Columba was an abbot and a pilgrim. Iona fitted both roles to perfection. (Graphic here is of Iona Abbey and St Martin's Cross by Tom Richardson, via Wikimedia) This busy transit camp of the Columban paruchia became in Adomnán's Life, written c.690 at what must have been the peak of its activity, a 'small and remote island of the Britannic ocean'; Iona was recast as the backdrop for his picture of a simple holy man, giving it a timelessness and universality which rings deep chords even to this day. Prophet, apostle and pilgrim - his vision of Columba is a compelling one, which was designed to elevate its subject amongst the saints not just of the Irish Church but of western Christendom as a whole.

Adomnán's Life was in itself an exercise in piety, but it was also a skillfully disguised political tract for its times. It was written only twenty-five years after the Synod of Whitby, where not only the leadership of Iona had been challenged by one of its own converts, the infant Church of Northumbria which had begun on Lindisfarne in the 630s under the guidance of Aidan, but the very reputation of Columba had been called into question. (Graphic on the left is of the present-day cloisters at Iona Abbey)The issues of the dating of Easter and the tonsure camouflaged what was in essence a dispute over jurisdiction, one made more complicated by the secular politics of the court of Oswiu, King of Northumbria. This was not simply a clash between a Celtic and a Roman Church. In the course of the seventh century these issues would create tensions in the Churches of England, Pictland and Ireland. Iona was out of step with most of the Irish Church which had accepted these changes in 630. Like the Irish Church, that in Northumbria was of at least two minds: the dispute at Whitby in 664 was the first instalment of what by the 670s would crystallise as a struggle within it between Lindisfarne and Ripon, whose newly dedicated church and building programme marked the favour shown to it by the AngIian court. By invoking the authority of St Peter as superior, Wilfrid, a monk of Lindisfarne but also future bishop at Ripon and the spokesman for the Roman party in the Northumbrian Church, in 664 had called in question the cult of Columba.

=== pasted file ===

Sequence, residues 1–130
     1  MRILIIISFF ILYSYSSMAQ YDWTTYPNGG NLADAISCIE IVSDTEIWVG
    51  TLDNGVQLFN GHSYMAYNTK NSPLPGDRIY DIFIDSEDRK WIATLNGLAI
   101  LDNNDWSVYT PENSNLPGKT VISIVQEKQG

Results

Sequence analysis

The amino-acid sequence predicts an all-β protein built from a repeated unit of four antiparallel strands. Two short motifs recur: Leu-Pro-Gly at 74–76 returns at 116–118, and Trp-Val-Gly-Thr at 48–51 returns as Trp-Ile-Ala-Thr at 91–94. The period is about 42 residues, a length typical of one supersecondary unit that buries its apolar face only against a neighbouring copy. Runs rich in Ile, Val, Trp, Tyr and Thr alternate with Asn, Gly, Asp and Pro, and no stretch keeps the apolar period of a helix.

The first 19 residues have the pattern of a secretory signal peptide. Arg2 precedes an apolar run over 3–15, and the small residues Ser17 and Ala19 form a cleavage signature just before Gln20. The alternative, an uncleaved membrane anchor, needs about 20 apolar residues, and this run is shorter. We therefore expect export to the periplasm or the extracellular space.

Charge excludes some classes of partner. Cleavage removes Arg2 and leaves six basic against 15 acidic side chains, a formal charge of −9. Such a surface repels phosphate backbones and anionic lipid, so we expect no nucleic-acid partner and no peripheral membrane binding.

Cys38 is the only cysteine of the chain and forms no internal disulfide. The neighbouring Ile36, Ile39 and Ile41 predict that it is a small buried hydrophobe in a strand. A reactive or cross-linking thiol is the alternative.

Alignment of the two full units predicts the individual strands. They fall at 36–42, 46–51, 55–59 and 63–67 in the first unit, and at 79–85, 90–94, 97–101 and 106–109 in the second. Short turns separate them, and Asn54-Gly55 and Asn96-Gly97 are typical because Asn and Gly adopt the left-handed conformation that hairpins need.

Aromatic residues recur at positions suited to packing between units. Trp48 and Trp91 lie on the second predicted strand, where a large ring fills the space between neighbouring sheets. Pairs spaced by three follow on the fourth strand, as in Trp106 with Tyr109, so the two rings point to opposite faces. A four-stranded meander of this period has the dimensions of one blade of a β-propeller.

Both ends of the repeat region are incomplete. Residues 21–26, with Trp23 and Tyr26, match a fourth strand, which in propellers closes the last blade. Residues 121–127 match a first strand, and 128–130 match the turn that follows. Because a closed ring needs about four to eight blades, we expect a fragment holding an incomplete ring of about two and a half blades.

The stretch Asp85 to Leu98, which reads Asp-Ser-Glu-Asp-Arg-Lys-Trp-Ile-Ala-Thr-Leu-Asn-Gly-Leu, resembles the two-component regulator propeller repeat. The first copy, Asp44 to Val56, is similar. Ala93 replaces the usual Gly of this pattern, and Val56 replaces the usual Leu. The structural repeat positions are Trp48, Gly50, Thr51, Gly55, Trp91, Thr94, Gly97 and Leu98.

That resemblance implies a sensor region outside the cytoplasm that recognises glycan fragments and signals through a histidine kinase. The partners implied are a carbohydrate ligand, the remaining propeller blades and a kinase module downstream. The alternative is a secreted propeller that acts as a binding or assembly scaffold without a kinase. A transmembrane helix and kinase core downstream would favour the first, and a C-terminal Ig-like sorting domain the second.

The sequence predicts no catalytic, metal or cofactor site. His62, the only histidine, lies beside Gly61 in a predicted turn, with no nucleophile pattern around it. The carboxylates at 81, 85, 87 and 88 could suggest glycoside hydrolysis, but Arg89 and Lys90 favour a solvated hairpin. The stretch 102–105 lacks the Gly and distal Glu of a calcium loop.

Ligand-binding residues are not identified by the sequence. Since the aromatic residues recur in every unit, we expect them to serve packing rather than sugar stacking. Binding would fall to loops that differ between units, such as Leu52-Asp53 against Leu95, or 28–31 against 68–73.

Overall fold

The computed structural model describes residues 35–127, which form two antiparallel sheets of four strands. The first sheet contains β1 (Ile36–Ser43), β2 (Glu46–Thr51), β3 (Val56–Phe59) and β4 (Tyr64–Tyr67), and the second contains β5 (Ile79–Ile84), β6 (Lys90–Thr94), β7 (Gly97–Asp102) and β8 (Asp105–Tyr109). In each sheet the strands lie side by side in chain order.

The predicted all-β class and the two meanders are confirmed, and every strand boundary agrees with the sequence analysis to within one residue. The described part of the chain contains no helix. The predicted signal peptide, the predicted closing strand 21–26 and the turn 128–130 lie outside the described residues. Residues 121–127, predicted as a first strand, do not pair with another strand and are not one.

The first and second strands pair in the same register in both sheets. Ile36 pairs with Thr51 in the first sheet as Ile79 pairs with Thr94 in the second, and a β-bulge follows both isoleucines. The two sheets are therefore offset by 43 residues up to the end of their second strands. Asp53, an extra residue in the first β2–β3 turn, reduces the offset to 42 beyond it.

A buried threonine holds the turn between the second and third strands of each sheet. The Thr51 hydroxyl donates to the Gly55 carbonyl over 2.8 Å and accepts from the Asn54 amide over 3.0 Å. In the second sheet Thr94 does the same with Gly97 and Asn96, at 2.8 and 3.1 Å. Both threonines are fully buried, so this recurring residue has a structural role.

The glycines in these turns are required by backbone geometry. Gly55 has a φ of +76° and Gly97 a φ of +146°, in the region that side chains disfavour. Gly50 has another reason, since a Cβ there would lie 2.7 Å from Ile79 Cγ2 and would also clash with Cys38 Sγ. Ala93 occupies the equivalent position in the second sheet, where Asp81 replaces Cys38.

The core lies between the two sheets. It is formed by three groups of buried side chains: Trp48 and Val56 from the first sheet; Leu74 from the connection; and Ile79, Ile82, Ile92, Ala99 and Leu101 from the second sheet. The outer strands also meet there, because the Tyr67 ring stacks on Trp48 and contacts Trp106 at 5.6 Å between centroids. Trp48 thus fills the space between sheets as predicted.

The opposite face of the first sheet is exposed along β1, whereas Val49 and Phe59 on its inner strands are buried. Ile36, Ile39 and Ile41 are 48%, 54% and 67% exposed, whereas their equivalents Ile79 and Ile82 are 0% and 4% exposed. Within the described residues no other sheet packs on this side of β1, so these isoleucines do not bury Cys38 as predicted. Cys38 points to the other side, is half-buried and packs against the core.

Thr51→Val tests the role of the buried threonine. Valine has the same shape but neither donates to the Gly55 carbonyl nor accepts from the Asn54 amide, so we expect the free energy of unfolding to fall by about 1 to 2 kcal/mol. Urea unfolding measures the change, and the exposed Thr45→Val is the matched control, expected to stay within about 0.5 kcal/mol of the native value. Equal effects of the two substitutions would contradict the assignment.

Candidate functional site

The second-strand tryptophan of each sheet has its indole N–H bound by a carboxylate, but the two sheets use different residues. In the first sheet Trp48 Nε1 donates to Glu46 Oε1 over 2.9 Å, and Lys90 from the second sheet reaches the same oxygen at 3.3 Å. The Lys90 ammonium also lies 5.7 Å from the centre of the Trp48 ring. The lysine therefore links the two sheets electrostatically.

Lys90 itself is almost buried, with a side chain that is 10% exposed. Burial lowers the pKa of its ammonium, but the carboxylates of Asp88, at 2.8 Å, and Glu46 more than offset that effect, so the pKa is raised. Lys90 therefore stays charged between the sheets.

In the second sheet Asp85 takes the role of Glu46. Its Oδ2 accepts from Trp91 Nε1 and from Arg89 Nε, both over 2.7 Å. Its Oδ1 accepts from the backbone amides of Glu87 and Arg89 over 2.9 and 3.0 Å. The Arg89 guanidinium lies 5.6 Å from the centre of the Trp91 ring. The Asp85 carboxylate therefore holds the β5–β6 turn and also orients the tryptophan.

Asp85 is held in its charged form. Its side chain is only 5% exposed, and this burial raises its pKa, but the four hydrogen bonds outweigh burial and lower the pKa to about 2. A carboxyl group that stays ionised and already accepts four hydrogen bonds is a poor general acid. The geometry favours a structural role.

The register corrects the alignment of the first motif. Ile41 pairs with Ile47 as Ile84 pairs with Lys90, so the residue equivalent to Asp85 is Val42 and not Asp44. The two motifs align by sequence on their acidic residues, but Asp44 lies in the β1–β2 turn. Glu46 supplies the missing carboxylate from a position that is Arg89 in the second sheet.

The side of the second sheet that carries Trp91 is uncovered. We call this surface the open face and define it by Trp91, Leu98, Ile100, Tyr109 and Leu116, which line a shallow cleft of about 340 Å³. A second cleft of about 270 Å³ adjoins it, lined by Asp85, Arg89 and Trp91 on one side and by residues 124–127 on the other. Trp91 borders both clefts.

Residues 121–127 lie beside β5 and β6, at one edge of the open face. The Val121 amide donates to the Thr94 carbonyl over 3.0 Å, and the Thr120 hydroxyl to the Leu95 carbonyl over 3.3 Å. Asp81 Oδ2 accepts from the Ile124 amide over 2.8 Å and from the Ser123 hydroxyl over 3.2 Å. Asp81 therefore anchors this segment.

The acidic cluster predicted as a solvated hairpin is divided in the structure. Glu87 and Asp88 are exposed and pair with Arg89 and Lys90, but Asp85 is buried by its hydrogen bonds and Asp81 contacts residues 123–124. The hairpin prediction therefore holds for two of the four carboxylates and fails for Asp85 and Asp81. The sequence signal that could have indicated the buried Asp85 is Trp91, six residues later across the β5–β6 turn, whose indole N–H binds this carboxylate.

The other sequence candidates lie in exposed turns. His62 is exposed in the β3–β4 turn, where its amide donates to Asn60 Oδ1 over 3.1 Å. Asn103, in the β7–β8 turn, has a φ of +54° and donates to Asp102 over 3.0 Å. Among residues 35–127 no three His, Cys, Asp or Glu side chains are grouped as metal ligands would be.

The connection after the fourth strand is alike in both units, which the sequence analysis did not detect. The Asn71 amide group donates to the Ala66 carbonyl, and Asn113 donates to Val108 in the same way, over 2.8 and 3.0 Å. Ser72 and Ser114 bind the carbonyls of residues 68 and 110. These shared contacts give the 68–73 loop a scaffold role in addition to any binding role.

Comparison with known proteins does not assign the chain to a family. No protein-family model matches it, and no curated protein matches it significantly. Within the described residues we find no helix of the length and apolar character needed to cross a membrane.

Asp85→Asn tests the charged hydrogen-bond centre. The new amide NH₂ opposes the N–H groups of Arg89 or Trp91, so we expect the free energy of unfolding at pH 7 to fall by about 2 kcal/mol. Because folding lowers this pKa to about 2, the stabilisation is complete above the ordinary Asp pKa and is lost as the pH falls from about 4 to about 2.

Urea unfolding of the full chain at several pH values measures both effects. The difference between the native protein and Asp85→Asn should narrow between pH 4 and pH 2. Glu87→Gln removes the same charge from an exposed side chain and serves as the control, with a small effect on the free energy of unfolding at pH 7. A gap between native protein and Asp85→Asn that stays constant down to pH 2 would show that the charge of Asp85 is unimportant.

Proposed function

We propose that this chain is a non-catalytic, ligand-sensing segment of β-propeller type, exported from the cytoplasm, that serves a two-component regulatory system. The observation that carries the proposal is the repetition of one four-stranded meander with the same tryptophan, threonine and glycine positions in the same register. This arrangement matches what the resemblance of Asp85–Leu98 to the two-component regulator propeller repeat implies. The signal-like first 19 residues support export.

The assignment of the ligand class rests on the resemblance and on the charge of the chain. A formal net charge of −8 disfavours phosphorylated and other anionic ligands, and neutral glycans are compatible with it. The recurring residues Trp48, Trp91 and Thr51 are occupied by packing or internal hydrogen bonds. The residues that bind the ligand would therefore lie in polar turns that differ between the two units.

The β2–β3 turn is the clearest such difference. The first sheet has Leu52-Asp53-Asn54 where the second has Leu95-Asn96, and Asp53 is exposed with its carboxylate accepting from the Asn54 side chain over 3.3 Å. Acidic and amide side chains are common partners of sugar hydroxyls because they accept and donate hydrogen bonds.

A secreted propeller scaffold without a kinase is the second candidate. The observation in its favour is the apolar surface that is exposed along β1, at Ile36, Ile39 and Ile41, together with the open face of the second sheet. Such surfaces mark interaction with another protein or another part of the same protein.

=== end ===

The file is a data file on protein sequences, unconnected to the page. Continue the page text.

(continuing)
The tract of the Ionan abbots, Ségéne and his nephew Cumméne, was the first blast of the trumpet against Wilfrid; Adomnán's Life was the second, more subtly tuned one. At once selective with the facts and concerned only with the essential truth of Colum Cille, it took its subject out of the sphere of ecclesiastical politics into which he had been dragged by Wilfrid in 664. The most notable achievement of the expanding Columban Church - the founding of Lindisfarne in 635 - went unmentioned; little or nothing was said of the power and prestige of the Ionan paruchia. This was the life of a simple man of God whose simplicity mattered above all else. It has been the picture of Columba which has predominated ever since.